Coliseum consists of four video works that explore the shifting relationships between work and play, talk and action, the daily and the dramatic. It is a clear-eyed picture of groups of friends, colleagues and co-workers coming together in a communal forum. Language and rhythm are constants in each piece, as men discuss arcane knowledge and women fight. Pilson has installed each work in a deliberate way, forcing each piece into conversation with the others. While previous work has been about the theatricality of space, these new works cinematically examine the nature of a group portrait.
A simple conversation about sports unfolds into a meditation on memorabilia, male intimacies and shared languages in Sunday Scenario, a three channel video depicting three men recalling and debating baseball’s greatest moments. The spaces and circumstance (an office, a suburban forest, a master bedroom) of each participant tell a different story. Their opinionated discussion rises and falls, as small pictures pop up on screen, illuminating the person or place under discussion.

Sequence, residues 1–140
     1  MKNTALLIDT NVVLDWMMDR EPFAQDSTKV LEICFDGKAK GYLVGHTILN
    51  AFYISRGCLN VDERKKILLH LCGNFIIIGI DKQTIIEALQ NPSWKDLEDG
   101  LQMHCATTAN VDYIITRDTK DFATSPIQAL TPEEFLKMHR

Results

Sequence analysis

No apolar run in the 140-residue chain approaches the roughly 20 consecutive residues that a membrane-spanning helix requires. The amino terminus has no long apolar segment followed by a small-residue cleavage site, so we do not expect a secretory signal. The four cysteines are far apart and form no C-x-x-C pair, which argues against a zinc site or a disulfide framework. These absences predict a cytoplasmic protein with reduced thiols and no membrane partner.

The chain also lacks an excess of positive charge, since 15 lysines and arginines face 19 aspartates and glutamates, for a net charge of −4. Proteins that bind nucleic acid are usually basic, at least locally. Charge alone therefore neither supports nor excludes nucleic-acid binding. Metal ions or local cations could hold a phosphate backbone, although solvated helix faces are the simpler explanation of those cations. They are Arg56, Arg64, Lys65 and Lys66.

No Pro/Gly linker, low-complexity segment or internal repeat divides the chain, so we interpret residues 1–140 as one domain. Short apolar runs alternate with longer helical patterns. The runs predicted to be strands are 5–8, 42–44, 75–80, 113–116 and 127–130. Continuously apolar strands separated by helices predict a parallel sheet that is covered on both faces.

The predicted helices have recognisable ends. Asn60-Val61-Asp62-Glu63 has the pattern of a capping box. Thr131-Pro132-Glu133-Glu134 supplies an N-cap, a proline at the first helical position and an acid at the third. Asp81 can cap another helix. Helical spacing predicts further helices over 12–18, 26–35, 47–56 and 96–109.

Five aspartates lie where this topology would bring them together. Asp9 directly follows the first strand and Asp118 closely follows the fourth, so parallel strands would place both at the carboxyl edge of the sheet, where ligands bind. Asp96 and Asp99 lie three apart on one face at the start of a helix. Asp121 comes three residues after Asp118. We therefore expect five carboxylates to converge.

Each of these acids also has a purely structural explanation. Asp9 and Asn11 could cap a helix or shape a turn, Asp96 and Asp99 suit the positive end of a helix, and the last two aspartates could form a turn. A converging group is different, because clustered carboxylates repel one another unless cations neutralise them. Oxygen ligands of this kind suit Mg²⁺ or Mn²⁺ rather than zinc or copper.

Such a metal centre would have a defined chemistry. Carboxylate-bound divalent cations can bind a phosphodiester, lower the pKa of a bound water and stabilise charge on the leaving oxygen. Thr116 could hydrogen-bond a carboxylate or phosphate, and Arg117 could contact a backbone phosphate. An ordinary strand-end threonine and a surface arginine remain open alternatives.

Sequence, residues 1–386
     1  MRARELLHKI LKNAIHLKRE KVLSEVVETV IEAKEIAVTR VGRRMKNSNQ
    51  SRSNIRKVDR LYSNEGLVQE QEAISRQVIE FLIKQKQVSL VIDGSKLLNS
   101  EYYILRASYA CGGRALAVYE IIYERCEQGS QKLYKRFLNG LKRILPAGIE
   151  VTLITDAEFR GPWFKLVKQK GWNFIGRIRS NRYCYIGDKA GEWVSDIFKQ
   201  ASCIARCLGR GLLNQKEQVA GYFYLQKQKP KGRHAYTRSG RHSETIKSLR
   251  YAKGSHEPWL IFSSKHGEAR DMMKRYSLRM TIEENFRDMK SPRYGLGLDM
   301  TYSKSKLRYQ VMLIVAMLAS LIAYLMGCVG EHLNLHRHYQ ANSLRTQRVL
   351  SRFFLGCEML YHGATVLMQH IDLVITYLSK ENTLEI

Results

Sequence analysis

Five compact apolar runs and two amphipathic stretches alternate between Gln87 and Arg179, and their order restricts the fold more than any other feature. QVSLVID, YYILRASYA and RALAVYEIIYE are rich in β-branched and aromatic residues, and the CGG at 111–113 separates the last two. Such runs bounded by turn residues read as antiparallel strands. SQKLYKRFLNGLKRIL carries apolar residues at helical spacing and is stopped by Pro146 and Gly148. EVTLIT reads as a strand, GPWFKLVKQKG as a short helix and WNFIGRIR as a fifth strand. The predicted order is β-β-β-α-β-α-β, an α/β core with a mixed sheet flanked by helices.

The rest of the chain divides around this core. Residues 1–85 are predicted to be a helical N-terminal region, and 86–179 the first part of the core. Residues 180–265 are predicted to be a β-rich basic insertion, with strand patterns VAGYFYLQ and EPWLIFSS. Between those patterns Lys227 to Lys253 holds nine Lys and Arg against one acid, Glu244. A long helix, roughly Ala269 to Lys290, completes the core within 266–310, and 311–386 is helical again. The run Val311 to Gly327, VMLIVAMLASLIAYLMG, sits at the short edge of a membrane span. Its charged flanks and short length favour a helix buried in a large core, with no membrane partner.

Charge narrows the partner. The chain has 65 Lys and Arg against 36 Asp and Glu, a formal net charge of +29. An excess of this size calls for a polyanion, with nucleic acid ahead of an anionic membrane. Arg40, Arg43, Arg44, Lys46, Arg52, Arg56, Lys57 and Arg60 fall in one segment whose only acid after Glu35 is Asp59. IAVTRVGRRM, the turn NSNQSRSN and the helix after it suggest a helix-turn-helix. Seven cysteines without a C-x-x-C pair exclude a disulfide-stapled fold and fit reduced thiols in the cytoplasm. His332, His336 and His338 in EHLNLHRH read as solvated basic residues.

One woman fends off a multiple person attack in Rondori, a traditional Aikido sparring exercise. Each black-belt aggressor moves through a space extended by multiple (and simultaneous) camera view points. The combatants exchange blows with balletic precision while the punishing thuds of bodies and strenuous breathing belie their easy movement.
In Wisdom and Charisma, a group of middle-aged men, who used to play Dungeons and Dragons twenty years ago, meet after work for a session of the role-playing game. Seated around a corporate boardroom table, the Dungeon Master, dressed in red, leads the others in debating pathways through astral planes and portals of pandemonium while stationary, control room-like, cameras allow for the reactions and silent exchanges between the players to be fully scrutinized. Their clothes and body language indicate their executive occupation and social standing, a strong contrast to their adolescent pastime.
Seven British (and one Canadian) actresses give an impromptu (and improbable) performance of the opening monologue from David Mamet’s GlenGarry GlennRoss in The London Cast. Through editing, each performance is blended into a single monologue. The harangue of the salesman is spread across the seven voices while the various interpretations and acting styles suggest competitive performances within a play about competition.
Pilson’s work has a realism that avoids romanticism, sentimentality or nostalgia in favor of an emotionally neutral and objective view. These works beautifully illustrate Pilson’s thoughts about the nature of discussion and confrontation, while underscoring the humanism inherent in all of his work.